4. The Moment: With a ticking clock (metronome?) setting the beat, this pastoral interlude has some sweet-sounding acoustic guitar arpeggios, a connection to the EP title and a detailed description of an abandoned room ‘….fraying edge of the linoleum…books unopened…words redundant…’. Ending with ‘…..just a memory…just a picture…just a fading photograph….people smiling to catch the magic of the moment’. The sentiment and instrumentation could be an outtake from early Genesis album and gothic minor classic ‘Nursery Cryme’.
An excellent new four-track EP from London duo Panic Pocket . Cast adrift through the inconsistencies of modern life the pair sum it all up with dry wit and bittersweet irony tempered with an undercurrent of warmth….
1. The Boss After a harp glissando to start, the usual live line up of lo-fi guitar and mini-keyboard gets a kicking drumbeat and bass too behind the tale of unfair power structures in the workplace. With the cutting ‘…congratulations on your masculine power trip, save me a seat because it looks like I am coming too…’ and ‘…when will you listen to a single word I say, not gonna happen before close of play….’ the only answer to the irritations seems to be in the middle eight; ‘….got my P45, HR was never on my side….’.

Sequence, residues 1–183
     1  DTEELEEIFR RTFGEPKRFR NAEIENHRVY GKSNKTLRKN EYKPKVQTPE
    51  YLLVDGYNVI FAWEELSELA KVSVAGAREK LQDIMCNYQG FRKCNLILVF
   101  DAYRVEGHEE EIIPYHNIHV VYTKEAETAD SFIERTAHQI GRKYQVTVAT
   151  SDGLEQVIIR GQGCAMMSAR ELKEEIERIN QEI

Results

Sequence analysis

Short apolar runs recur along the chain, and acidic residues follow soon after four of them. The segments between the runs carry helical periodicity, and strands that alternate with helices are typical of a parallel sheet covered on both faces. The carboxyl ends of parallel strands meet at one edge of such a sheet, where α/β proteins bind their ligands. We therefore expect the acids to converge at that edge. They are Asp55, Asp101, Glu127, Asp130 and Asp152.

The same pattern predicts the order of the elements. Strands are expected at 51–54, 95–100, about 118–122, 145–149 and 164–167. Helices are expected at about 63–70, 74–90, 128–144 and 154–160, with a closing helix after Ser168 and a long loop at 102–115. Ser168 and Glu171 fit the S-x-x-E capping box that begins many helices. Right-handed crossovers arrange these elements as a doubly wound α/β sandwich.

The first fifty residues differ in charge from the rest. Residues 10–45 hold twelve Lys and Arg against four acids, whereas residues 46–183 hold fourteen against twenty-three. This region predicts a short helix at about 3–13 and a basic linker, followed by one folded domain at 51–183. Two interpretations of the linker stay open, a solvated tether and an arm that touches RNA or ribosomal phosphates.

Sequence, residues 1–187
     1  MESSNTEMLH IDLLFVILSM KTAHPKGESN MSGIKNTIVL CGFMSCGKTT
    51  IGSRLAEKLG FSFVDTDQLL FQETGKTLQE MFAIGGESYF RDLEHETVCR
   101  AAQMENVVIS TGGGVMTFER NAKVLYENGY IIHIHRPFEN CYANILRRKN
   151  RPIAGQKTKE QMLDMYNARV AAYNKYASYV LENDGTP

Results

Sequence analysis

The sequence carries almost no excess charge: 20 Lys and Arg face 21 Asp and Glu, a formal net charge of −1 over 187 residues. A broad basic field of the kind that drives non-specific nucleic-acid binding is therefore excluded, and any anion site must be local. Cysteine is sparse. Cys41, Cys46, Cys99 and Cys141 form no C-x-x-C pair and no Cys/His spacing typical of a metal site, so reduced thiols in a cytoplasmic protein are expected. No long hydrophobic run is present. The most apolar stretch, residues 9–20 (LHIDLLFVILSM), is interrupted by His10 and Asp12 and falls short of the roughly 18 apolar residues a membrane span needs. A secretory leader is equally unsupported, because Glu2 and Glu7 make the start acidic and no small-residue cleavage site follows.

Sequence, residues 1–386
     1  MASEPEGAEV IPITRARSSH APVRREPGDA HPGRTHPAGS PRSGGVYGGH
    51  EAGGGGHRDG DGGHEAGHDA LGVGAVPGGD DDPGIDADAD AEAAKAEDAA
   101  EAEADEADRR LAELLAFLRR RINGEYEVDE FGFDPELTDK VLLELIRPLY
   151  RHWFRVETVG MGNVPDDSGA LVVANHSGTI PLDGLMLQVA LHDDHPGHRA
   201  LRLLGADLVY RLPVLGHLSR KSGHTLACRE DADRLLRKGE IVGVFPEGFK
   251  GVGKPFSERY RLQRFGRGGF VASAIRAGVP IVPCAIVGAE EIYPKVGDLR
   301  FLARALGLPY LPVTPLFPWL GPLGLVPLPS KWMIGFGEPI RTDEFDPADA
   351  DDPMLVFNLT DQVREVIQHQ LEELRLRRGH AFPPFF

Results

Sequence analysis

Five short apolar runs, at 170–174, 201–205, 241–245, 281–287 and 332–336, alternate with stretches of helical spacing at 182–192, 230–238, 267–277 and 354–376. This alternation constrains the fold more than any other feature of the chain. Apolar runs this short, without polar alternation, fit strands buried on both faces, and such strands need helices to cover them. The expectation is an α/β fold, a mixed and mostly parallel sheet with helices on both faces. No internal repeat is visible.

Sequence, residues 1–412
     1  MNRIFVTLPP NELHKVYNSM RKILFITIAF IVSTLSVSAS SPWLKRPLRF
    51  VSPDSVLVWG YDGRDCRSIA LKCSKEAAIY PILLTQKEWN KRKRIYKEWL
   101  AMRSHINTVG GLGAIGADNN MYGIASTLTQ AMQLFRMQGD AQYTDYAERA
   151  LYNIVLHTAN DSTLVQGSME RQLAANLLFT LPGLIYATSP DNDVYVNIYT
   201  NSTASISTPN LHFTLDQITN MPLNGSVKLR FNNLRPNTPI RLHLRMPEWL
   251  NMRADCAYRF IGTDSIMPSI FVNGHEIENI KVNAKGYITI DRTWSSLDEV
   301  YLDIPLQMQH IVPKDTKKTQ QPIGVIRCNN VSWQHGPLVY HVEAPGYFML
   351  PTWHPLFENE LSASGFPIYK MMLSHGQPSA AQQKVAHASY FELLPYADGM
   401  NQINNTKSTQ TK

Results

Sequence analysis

Lyrically addictive, the word lines are duetted and interplayed between Sophie and Natalie into a frenetic and sparkling two and a quarter minutes.
2. You Have to Laugh There is a real melancholy underneath this description of non-compatibility and decline in a relationship. It is full of wryly crafted lines like ‘….we’ve been hanging out a while but I’m yet to see you crack a smile….’ as the music strolls along with the analogue keys filling out the sound. The despairing and repeating line ‘….you have to laugh, otherwise I’ll cry…’ sums it all up.
3. Pizza In My Pants Perceptive and fun tune celebrating escape from external pressures to succeed and endless planning ahead ‘….Emma’s got a house in the suburbs, she bought it with her banker husband, wonder if he has a brother?…’ ‘….Hannah’s baby’s due in the summer, she will be a brilliant mother, I’m not fussed about procreation, I prefer my PlayStation…’.
Featuring cool harmonies and percussion the song finally resolves into the defiant ‘…I’m not saving for a rainy day, I’m just doing it my way…’.